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January 13, 2014 | By Kate Mather
Overall crime in Los Angeles dropped for the 11th straight year in 2013, with many categories seeing the lowest per capita rates in decades, city officials said. Los Angeles Mayor Eric Garcetti and Police Chief Charlie Beck announced Monday that final LAPD statistics showed overall crime was down 5.2% across the city, with double-digit drops in violent crime, homicides, reported rapes and gang violence. Garcetti hailed the "extraordinary efforts" of the LAPD, community groups and city officials for numbers he called "a proud accomplishment.
January 12, 2014 | By Jessica Gelt
How does David O. Russell manage to so consistently write strong female leads? He's got his mother to thank for that, the director said backstage at the Beverly Hilton Hotel after his film “American Hustle” won the Golden Globe for motion picture comedy on Sunday. “My mother was a very powerful person. She was an Italian woman from Brooklyn. I realized that with 'The Fighter,' I based some of that on experiences with my mother,” he said, adding, “strong women characters are the gateway to a very powerful movie.” Asked whether there was a lot of improvisation on the set of “American Hustle,” Russell said that even though it may have come across that way, there was not. “I want to correct the notion of improvisation,” the co-writer/director said.
December 24, 2013 | By Salvador Rodriguez
Two technologies acquired by Apple earlier in 2013 were revealed this week: BroadMap and Catch. Apple's acquisitions were reported by 9to5Mac and later confirmed by Apple to AllThingsD . BroadMap specialized in mapping data; Catch was a cloud-based note-taking app. In the case of BroadMap, Apple acquired the company's team and technology but not the actual company or its name. The BroadMap deal likely occurred in the first half of 2013, and Apple may be using the firm's technology to improve Apple Maps, according to 9to5Mac.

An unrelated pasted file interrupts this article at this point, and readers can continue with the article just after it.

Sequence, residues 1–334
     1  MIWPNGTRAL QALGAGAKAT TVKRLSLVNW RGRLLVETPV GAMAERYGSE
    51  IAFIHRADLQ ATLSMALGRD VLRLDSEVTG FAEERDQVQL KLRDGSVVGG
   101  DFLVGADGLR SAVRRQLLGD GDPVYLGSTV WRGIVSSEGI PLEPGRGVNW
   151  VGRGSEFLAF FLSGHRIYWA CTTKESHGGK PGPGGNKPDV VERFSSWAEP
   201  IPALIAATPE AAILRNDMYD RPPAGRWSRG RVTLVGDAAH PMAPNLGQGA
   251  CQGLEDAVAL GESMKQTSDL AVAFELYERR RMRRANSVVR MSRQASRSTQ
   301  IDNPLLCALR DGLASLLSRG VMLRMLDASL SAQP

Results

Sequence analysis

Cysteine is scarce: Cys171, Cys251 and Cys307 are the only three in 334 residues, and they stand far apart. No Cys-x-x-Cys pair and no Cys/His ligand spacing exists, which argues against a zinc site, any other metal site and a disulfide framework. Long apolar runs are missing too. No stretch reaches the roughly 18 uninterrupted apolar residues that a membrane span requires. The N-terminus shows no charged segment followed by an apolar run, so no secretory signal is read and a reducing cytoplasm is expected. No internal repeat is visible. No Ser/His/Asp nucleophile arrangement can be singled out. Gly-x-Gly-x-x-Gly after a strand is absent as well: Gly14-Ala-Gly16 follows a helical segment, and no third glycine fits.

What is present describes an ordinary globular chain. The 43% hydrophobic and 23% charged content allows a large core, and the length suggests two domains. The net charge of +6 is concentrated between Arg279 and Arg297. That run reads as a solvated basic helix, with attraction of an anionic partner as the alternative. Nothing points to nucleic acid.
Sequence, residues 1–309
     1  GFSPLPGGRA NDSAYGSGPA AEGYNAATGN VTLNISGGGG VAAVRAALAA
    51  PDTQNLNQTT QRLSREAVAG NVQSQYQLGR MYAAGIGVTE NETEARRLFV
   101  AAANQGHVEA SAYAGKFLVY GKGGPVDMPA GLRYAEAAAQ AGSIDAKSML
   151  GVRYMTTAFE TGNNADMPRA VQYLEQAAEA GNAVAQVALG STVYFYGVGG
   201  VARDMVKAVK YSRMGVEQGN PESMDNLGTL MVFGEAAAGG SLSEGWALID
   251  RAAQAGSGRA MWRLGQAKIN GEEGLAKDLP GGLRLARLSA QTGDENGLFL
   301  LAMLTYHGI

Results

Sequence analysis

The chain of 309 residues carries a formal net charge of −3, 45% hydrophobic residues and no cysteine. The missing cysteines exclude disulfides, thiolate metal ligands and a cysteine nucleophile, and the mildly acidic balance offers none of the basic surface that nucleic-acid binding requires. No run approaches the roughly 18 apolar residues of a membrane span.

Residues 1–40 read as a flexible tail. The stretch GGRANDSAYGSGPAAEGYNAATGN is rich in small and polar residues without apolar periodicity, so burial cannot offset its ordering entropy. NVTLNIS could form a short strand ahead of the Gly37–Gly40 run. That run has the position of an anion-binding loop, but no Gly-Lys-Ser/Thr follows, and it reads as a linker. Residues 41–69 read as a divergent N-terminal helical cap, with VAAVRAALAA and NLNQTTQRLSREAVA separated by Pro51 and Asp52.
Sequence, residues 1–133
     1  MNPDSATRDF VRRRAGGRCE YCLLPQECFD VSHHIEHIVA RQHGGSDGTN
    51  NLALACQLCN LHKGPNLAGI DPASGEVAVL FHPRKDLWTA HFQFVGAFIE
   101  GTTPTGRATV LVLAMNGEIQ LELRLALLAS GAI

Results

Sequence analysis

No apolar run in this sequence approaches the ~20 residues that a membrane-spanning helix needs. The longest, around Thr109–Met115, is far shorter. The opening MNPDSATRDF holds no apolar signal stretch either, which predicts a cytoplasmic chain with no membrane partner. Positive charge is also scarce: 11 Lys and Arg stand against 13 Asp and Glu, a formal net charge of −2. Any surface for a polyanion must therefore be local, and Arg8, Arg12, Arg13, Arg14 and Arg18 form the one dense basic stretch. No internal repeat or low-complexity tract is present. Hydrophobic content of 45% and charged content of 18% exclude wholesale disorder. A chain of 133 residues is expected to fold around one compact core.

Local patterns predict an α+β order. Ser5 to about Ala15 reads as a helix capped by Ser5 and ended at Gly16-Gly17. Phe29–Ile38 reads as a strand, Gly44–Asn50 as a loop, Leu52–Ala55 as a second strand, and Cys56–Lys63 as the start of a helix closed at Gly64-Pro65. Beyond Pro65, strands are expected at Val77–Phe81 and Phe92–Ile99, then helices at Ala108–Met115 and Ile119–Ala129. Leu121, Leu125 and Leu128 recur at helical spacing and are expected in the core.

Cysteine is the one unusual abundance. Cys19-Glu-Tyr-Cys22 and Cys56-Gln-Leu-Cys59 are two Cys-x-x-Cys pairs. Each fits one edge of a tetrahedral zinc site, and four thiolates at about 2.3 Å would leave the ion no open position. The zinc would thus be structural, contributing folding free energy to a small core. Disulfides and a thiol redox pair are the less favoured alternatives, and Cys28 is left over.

December 23, 2013 | By Monte Morin
It's been more than 100 years since German psychologist Hermann Ebbinghaus determined that learning  interspersed with rest created longer-lasting memories than so-called cramming, or learning without rest intervals. Yet it's only much more recently that scientists have begun to understand the underlying molecular mechanisms for this phenomenon. In a study published Monday in the journal PNAS, researchers examined the physical changes in the brain cells of mice while "training" their eyes to keep track of a moving image.
December 23, 2013 | By Catharine Hamm
Question: I took my family on a trip to Seattle on Alaska Airlines in August. While unpacking my luggage in my hotel room, I found a nasty surprise: a filthy latex glove. Obviously, someone had gone through my belongings and left it behind. Besides the ick factor, there was no form in my suitcase saying it had been inspected. I didn't notice any items missing, but I had to launder all my underwear just to feel comfortable wearing them. My baggage has been searched before; in one case, a form was left; in another, items were stolen and no form was left.